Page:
Woman who claimed she won $20,000 from lottery could face charges

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Photo of disputed lottery ticket.

WASHINGTON — A woman who says the Virginia Lottery owes her $20,000 after she hit it big with a scratch-off ticket instead might face charges.

Ardella Newman claimed last month that a $2 ticket matched the number 16, making it a winner. But lottery officials said there was a mistake. Newman pushed back on the decision, claiming she was owed the money.

“I want the money that I thought I won. If you look at the ticket, it says I won this money. It wasn’t anything that I did wrong. It’s what they did wrong,” she told WJLA.

On Wednesday, lottery officials said there were two issues with the ticket and a previous one Newman tried to cash. In the case of the $20,000 winning ticket, she tried to pass off two different tickets as a winner:

The case in question involved a game that Ms. Newman believed entitled her to a $20,000 prize. The investigation has concluded that Ms. Newman was actually trying to cash two separate tickets, the lower portion of one ticket and the top portion of another ticket. Based on the ticket codes we obtained from our ticket vendor, we have determined that the top ticket was not a winner, but the small piece of the bottom ticket would have been a $4.00 winning ticket if Ms. Newman had the entire ticket.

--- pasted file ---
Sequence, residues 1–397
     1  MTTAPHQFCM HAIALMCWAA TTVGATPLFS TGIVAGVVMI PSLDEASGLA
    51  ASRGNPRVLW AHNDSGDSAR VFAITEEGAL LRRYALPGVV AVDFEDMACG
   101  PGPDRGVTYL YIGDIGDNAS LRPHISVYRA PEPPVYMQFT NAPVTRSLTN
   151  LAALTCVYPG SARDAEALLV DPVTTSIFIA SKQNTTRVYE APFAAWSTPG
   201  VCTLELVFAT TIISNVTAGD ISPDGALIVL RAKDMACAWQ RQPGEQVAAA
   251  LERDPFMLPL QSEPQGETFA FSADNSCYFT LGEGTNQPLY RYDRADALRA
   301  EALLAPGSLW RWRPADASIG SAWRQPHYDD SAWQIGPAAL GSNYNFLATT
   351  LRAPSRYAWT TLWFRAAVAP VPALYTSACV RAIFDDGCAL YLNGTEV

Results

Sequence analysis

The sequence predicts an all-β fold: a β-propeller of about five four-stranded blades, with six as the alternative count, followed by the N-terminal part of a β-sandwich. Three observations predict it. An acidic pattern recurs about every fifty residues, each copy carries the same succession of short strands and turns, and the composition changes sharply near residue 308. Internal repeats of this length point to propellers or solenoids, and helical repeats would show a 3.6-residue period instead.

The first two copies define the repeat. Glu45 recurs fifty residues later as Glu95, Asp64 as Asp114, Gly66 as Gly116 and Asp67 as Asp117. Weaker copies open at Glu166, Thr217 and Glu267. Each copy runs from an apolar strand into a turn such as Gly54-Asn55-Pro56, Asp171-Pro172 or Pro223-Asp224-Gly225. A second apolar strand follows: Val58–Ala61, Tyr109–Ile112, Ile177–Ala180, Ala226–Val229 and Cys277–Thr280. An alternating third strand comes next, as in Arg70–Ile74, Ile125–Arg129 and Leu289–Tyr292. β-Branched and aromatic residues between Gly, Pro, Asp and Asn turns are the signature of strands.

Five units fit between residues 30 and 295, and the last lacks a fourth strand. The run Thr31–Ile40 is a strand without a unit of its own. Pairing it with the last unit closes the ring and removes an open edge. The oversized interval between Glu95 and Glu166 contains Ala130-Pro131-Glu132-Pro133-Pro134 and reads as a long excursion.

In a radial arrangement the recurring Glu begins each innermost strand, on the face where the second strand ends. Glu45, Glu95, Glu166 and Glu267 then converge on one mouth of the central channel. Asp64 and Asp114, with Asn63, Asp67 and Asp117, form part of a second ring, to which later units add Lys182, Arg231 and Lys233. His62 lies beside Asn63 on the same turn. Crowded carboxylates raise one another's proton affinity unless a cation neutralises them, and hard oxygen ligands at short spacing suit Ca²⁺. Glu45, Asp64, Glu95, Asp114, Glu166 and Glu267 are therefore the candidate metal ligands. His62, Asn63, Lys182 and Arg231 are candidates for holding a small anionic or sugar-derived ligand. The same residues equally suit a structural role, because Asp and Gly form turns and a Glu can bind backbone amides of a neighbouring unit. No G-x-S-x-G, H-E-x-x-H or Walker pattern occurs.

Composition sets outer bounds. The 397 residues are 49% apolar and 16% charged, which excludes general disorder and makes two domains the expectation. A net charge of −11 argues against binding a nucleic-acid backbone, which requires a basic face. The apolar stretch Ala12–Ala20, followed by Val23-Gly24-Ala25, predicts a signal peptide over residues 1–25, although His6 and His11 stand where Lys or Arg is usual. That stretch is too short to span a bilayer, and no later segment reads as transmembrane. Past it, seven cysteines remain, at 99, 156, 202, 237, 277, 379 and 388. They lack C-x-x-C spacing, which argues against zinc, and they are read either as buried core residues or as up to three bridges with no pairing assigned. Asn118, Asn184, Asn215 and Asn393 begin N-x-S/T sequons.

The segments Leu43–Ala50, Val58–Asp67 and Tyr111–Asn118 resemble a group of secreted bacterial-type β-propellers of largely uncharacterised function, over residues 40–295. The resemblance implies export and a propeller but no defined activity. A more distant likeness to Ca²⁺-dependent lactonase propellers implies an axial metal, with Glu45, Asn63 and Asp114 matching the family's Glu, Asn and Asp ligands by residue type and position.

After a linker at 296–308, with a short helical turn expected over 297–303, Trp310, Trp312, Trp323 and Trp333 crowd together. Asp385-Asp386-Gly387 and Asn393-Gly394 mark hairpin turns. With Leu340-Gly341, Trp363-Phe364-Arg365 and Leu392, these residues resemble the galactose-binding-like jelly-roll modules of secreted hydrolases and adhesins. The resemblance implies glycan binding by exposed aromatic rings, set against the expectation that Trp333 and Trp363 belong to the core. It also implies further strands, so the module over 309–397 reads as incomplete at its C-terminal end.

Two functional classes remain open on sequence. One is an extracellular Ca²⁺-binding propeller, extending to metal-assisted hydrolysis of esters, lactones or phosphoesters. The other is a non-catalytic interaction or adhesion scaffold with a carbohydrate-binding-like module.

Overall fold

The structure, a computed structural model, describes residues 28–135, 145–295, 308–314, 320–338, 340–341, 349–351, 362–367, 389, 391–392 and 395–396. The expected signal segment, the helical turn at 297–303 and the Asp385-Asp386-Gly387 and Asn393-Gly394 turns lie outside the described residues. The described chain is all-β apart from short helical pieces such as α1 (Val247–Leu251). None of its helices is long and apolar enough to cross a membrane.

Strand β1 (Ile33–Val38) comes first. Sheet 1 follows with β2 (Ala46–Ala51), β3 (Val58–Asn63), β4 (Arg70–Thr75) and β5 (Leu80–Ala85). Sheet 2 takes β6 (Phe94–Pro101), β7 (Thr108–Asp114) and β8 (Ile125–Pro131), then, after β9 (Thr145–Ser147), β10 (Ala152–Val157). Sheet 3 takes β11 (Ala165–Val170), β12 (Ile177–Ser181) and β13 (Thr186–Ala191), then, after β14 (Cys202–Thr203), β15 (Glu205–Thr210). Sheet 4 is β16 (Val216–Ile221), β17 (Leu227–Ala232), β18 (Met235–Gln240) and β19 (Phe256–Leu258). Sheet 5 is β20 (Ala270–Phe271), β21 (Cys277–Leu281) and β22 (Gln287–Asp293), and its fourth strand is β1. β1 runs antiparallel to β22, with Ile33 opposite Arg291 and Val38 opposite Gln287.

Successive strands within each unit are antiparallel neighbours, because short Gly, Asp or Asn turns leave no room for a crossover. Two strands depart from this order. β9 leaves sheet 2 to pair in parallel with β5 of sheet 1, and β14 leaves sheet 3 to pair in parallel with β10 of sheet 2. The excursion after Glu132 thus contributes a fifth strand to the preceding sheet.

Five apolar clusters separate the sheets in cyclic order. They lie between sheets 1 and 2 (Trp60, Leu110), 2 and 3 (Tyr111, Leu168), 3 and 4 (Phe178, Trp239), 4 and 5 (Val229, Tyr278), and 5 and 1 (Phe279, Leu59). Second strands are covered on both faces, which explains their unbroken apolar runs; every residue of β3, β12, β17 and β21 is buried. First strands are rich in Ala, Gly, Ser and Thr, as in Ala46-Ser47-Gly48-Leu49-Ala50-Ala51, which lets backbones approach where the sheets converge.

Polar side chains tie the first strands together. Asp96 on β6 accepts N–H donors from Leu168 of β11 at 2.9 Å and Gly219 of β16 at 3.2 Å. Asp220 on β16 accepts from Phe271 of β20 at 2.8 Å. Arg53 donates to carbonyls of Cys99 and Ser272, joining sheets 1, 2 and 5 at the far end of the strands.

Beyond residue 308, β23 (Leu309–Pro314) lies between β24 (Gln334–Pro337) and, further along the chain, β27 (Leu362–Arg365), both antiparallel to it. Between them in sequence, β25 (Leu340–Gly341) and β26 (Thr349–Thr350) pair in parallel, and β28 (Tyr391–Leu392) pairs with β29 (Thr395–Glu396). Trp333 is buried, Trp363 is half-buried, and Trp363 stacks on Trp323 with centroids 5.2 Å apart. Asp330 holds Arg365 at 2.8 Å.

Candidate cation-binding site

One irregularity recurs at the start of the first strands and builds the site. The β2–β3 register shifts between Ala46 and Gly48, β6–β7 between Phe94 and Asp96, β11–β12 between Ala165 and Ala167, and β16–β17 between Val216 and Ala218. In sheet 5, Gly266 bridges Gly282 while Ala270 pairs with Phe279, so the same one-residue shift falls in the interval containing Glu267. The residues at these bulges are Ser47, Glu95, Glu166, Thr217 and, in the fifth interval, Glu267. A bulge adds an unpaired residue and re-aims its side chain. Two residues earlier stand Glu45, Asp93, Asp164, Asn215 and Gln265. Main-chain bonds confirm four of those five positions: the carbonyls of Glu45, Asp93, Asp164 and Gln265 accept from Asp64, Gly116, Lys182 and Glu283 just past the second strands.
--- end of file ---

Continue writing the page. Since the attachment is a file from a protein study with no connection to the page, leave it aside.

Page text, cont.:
The lottery came to three conclusions:

  • The tickets presented by Ms. Newman were valid tickets that were torn, apparently when they were dispensed from Lottery self-service machine.
  • The claim made by Ms. Newman involved two tickets. It would be a violation of the rules to award Ms. Newman a prize for mismatching parts of two tickets. The integrity of our games is our highest priority which is why we have rules that govern each game. It would be both unethical and unfair to all players to violate the rules for the benefit of one player.
  • Had Ms. Newman returned the tickets to the store or to the Lottery unplayed, she would have received a full refund or replacement tickets.
The lottery said this second winning ticket had been taped together.

The lottery said this second winning ticket had been taped together.

In another case, Newman claimed she had won $52 but investigators found she had taped together portions of two tickets to pass them off as a winning entry. The lottery said Newman admitted to it.

This second claim of Ms. Newman’s involved altered non-winning tickets to make them appear to be winning tickets. The Virginia Lottery is still reviewing this case to determine if additional actions are necessary.

This is a clear violation of Lottery rules and in this case, the law:

§ 58.1-4017. Alteration and forgery; presentation of counterfeit or altered ticket or share; penalty.Add

Any person who forges, alters or fraudulently makes any lottery ticket or share with intent to present for payment or to transfer to another person to be presented for payment or knowingly presents for payment or transfers to another person to be presented for payment such forged, altered or fraudulently made counterfeit lottery ticket or share sold pursuant to this chapter is guilty of a Class 6 felony.